On the mound, we are dripless, utterly devoid of swag | Simply Ranked
Plus: Tony's big precious bone, ☆The Violet Promo☆, props to my lord and saviour, and more.
The definitive weekly ranking and analysis of all the skateboarding and other online things that I cannot stop consuming and how they make me feel, personally.
Rank: -1 swag
Like Jim Carrey without the titular mask in “The Mask” (1994), the skateboarder is powerless if not accompanied by the skateboard. The skills and styles we laud and lionize are purely contextual and rarely transferrable outside of our small, scattershot universe. Conversely, consider standout South Korean figure skater Kim Ye-Lim turning the first pitch at a KBO season opener into a performance with the same precision, grace, and poise she regularly employs on the ice.
The skateboarder cannot contend. A pinched 50-50, lien air or well-caught frontside flip mean nothing here. On the mound, we are dripless, utterly devoid of swag.
Arizona Diamondbacks @DbacksKickin' it with Jagger Eaton. 🛹🥉 https://t.co/TVDPcUPLLK
Perhaps this is why we drag our skateboards around everywhere we go, like a treasured teddy with a paw frayed by our nervous gumming. It grounds us and gives us definition, even if we can’t use it and look a little silly for lugging it along.
Props to my lord and saviour
Whenever a professional athlete publicly thanks their higher power or prays to a chosen deity to help them succeed over a fellow competitor, it feels like the Coca-Cola cross—a comical flattening of meaning in hopes of financial and promotional gain. Does a divine being, the creator of all, want to pick winners and losers from its handiwork? And is that not cheating, which is at minimum a venial sin? So would they really suck that nollie flip up to your feet at Street League or use their invisible hand to help you slip a jab and land a knockout blow in the boxing ring?
Well, probably. Gods do a lot of messed-up stuff. Allegedly.
Here, There, everywhere
Mood: 🌎 🌍 🌏
In a departure from the somewhat fixed structure of major skateboarding video releases online, which usually premiere in whole or in pieces on a single website; individual video parts from There’s “Ruining Skateboarding” have premiered on Thrasher, Jenkem, Mess, CCS, and then, in totality, uploaded to their own YouTube Channel.
Sure, contemporary practice would suggest that since Thrasher has the largest reach, why not just host everything with them? But with Thrasher’s Constant Content Churn, videos and video parts are often gone from their homepage in a matter of days. There sharing their video among outlets gives individual parts extra shine, room to breathe, reasons to post about them on social media, and access to different audiences, ones who aren’t devout followers of The Bible.
Those crumbs dropped across the internet will then (hopefully) lead viewers to “Ruining Skateboarding” in its entirety, which lives on their channel alone—giving There the views and total content control. It’s a divide and stoke marketing tactic that makes sense.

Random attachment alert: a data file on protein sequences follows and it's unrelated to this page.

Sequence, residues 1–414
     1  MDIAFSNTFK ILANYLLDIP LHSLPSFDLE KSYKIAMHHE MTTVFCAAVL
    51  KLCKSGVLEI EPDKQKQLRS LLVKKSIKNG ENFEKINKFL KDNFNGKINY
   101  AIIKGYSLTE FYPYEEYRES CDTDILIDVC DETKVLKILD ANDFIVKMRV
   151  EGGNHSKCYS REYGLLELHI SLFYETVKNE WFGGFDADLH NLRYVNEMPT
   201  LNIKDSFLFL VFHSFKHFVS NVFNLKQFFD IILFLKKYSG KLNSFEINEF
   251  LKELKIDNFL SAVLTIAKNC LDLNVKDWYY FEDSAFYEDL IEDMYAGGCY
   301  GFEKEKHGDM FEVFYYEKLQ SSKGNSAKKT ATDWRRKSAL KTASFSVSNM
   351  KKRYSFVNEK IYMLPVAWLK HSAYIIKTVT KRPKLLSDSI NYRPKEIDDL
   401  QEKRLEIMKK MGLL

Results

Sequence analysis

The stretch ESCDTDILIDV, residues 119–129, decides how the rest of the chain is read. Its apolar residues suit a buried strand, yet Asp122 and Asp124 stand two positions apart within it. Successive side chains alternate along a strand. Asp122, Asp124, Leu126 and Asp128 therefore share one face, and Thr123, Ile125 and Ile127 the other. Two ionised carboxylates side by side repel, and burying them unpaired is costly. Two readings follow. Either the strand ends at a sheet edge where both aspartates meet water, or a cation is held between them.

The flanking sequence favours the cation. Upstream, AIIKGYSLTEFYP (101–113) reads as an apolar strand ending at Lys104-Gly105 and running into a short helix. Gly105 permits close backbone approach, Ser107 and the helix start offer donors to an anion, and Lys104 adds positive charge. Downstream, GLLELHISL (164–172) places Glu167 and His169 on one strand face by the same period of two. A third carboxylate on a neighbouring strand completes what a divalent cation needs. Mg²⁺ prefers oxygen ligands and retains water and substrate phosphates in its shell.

Big precious bone
Just over a month after breaking his femur, 53-year-old Tony Hawk is back pumping around the smaller quarter pipes in his compound. A cursory scroll of the internet says it takes about 4-6 months for femoral fractures to heal completely, which by my amateur diagnosis, means Hawk is far ahead of schedule, or he’s putting his recovery at risk.
In Tony Hawk: Until The Wheels Fall Off, the Duplass Brothers produced and Sam Jones directed documentary released last week by HBO, Lance Mountain and Rodney Mullen opine about the risk-reward exchange one accepts by pursuing a lifetime of high-level skateboarding. Mountain believes he has the degenerative brain disease CTE from repeated head trauma and states flatly that he and Hawk will die on their boards, a price they’ll willingly pay. Mullen, being Mullen, articulates things more thoughtfully, even providing Sam Jones with the doc’s title.
It is darkly fitting that a film that asks how long can the bodies of these aged legends withstand the agreed-upon beatings skateboarding dishes out dropped its trailer the day after Hawk suffered one of the worst injuries of his career. Chasing after the wheel that’s fallen off and rolled into the ditch is a test of will he seems up for, though. But please, for now, just be careful with that big precious bone, Birdman.
The ☆The Violet Promo☆ is everything we’ve come to know of a William Strobeck offering. Dizzying zoom-ins and nausea-inducing camera pans, a complete lack of titles for the skateboarders on screen, and extreme close-ups of kids smoking. But the skateboarding, b-roll, music, and the emotion born out of them are, as per usual in Strobeck videos, electric. It’s a swirling mess of intensity. Wild stunts, slams, intimate moments, and a fresh group of skaters bring the video to life. It might be frustrating to watch at times, but it’s a must-watch nonetheless.
Something to consider: The underappreciated power of the ass.
Good things: Raps in 6.
Until next week… Look a crow in the eyes, start a conversation, see where things go.